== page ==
Someone in the Bloomberg administration must have finally made the right occult sacrifice to a powerful, ancient weather god: After a streak of hot, muggy days borrowed from July and a couple of cold ones leftover from early April, New York City’s bikeshare program launched on a perfect, sun-soaked Memorial Day. There were probably other pagan gods involved, too: Almost a year behind schedule, the much-awaited bikeshare withstood attacks from tribes as diverse as the New York Post and historic-district-living car owners.

Yesterday, on their first day of existence, the bright blue, corporate-branded Citi Bikes bore riders a total of 13,768 miles. Trips averaged about 2.2 miles (my calculation) and 20.48 minutes (Citi Bike’s). Bike-sharing reporters beat subway-riding and taxi-hailing competitors in test races. “Rode up! Zomg so fun,” one friend texted me after his first spin. “It’s going to be a big success.”

Today, it rained.

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Today is the type of day that only dedicated riders will bike through — wet, soggy, puddly. I walked by the station that was the most popular in the city yesterday, at 17th St. and Broadway on the north side of Union Square. With a number of bike slots open and the available bikes stashed irregularly down the line, the station didn’t look totally lifeless. But I’ve yet to see a bright blue bike head on down the street.

Anthony Weiner was going to take bikeshare for a spin:

But thought better of it:

This isn’t to say that the biggest bikeshare in the country is a failure on its second day. It’s just that its planners lucked out.

New Yorkers, though they pride themselves on their resiliency, are not particularly amenable to change. They remember when that bar used to be a laundromat, when that Brazilian restaurant used to be a pizza joint that used to be a bar. Although a large contingent of people here are excited about the program (which already has more than 16,000 annual members signed up), there are probably more people who are confused or — shocking to those of us who’ve been waiting for months for the program to launch — totally unaware. There are also people who look at the $10-per-day, 30-minute-limit option and balk at the price, not realizing that it’s meant primarily for tourists.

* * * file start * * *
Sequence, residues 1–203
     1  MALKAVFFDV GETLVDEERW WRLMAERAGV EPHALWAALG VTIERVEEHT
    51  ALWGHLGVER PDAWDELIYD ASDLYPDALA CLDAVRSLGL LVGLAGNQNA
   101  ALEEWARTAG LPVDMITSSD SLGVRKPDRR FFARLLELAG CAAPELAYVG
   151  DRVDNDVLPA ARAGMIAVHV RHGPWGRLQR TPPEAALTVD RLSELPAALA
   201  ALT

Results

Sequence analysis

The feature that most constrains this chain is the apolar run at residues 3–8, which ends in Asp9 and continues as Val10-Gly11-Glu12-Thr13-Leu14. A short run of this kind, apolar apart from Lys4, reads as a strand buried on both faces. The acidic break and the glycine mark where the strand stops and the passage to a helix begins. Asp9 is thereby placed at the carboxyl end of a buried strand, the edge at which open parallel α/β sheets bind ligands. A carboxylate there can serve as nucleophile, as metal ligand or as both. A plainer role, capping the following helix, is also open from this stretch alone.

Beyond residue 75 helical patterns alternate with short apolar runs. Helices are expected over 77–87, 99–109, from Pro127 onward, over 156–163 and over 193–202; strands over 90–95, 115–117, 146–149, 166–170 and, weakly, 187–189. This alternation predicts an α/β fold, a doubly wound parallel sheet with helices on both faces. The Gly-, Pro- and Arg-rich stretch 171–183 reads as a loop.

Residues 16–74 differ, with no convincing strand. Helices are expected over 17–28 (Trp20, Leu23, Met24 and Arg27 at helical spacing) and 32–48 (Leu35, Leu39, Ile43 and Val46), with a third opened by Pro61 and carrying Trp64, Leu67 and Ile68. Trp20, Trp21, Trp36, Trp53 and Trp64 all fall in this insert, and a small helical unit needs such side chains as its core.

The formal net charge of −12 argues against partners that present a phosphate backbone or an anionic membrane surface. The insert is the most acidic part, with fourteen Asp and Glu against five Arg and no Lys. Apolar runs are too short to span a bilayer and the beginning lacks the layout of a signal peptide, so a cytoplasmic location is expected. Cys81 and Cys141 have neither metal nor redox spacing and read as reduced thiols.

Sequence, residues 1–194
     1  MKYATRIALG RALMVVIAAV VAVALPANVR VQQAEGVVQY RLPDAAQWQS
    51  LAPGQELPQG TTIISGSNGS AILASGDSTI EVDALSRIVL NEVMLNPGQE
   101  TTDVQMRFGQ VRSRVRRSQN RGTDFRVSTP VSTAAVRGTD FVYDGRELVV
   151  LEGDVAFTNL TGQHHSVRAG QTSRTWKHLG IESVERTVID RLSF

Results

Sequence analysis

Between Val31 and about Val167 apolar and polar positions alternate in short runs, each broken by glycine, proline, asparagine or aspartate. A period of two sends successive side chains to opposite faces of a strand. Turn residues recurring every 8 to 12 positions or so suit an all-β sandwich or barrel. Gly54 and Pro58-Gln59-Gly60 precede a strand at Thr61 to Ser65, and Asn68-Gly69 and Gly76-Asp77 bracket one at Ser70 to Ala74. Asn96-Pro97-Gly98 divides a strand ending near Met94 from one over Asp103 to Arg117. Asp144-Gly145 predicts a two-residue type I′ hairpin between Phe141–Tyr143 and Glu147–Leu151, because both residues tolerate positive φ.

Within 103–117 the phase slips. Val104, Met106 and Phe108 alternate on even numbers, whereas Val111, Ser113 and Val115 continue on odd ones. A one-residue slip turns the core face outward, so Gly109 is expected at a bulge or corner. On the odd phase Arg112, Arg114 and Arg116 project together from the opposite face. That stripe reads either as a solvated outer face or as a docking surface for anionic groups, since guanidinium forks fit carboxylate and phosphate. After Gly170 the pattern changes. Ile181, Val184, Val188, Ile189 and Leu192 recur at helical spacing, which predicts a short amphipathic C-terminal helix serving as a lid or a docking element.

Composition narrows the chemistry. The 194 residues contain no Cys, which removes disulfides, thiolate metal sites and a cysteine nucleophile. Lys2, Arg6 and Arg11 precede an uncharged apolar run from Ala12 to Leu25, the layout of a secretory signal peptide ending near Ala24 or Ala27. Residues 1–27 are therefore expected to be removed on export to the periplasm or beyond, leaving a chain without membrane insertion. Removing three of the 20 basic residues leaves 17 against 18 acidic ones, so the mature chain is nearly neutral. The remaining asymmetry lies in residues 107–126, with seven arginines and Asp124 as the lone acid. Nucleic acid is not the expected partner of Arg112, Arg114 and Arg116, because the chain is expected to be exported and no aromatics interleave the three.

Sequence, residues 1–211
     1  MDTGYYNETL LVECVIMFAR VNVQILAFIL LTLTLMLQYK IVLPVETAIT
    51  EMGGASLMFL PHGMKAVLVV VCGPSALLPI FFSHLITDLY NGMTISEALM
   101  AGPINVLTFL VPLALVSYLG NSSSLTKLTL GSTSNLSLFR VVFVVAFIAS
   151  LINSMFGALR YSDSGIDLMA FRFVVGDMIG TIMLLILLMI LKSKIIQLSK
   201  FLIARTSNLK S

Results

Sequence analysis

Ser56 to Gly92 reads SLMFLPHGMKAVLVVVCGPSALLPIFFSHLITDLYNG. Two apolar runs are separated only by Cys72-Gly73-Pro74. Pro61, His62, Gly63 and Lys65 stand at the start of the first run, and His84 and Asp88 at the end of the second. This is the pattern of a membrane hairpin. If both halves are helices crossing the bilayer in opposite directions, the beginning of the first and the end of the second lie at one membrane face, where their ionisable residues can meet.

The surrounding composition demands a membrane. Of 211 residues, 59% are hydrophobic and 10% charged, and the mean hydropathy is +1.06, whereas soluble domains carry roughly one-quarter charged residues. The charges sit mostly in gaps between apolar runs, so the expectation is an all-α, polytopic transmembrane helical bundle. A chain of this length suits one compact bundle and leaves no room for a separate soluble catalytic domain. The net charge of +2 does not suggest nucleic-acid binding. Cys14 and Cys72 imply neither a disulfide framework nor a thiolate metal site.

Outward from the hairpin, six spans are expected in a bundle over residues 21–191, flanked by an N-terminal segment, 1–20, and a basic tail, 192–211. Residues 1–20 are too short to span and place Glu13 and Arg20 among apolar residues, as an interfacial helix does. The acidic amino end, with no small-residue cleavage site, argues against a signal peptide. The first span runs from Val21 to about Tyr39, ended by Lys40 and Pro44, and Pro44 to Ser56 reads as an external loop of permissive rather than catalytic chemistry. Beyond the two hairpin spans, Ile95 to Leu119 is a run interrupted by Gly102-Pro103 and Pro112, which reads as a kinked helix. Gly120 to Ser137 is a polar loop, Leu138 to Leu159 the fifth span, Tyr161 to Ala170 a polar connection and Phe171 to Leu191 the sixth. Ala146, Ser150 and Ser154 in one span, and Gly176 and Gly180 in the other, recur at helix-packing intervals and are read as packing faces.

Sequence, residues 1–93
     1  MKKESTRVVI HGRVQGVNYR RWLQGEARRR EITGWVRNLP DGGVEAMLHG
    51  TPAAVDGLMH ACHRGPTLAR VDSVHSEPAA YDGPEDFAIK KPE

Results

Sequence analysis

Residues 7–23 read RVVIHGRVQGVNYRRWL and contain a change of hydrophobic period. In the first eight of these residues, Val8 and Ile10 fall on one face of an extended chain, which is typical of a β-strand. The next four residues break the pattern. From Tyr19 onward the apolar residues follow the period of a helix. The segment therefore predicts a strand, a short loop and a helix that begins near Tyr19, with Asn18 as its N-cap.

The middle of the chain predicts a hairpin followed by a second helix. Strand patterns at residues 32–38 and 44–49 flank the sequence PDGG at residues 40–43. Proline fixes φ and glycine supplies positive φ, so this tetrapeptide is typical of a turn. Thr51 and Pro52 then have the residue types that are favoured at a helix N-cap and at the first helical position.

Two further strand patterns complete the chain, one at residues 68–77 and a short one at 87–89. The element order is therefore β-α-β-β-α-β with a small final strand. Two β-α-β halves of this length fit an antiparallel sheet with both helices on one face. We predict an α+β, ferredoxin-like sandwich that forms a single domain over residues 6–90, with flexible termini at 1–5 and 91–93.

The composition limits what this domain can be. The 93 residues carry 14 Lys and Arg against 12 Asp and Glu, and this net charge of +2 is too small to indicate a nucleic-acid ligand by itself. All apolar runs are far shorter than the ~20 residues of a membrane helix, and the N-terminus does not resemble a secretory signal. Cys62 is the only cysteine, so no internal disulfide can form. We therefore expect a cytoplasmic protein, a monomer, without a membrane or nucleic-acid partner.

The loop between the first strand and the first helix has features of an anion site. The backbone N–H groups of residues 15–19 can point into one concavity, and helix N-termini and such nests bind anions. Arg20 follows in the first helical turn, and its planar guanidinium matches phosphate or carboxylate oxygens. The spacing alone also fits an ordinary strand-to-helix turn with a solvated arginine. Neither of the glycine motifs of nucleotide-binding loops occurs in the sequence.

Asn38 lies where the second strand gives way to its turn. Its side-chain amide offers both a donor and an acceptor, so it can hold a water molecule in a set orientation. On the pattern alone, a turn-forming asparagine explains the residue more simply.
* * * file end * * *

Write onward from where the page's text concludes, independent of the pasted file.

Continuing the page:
It helped that the first day of bike-sharing was a pleasant day, a day when people waiting on street corners asked riders about their bikes and about joining the program. But there are reasons to be skeptical. One friend, a dedicated rider, is worried that the New York streets are too tough for sunny-day cyclists. She’s an extremely careful rider, and she’s been hit by a car here more than once. Imagine that happening on your first jaunt on a bike, or when you’re just starting to feel comfortable with the idea.

Still, if New Yorkers hate change, they also hate admitting they can’t handle whatever the city throws at them. Heck, there’s already one bikeshare missed connection on Craiglist.

And here’s a sure sign that a New York bikeshare will succeed in a big way: Real estate agents are already advertising proximity to the stations as a perk for apartments. In a few years, residents who petitioned the city to move stations off the street may well be kicking themselves as property values rise that much more the next block over — and they have to walk that much farther to hop on a bike.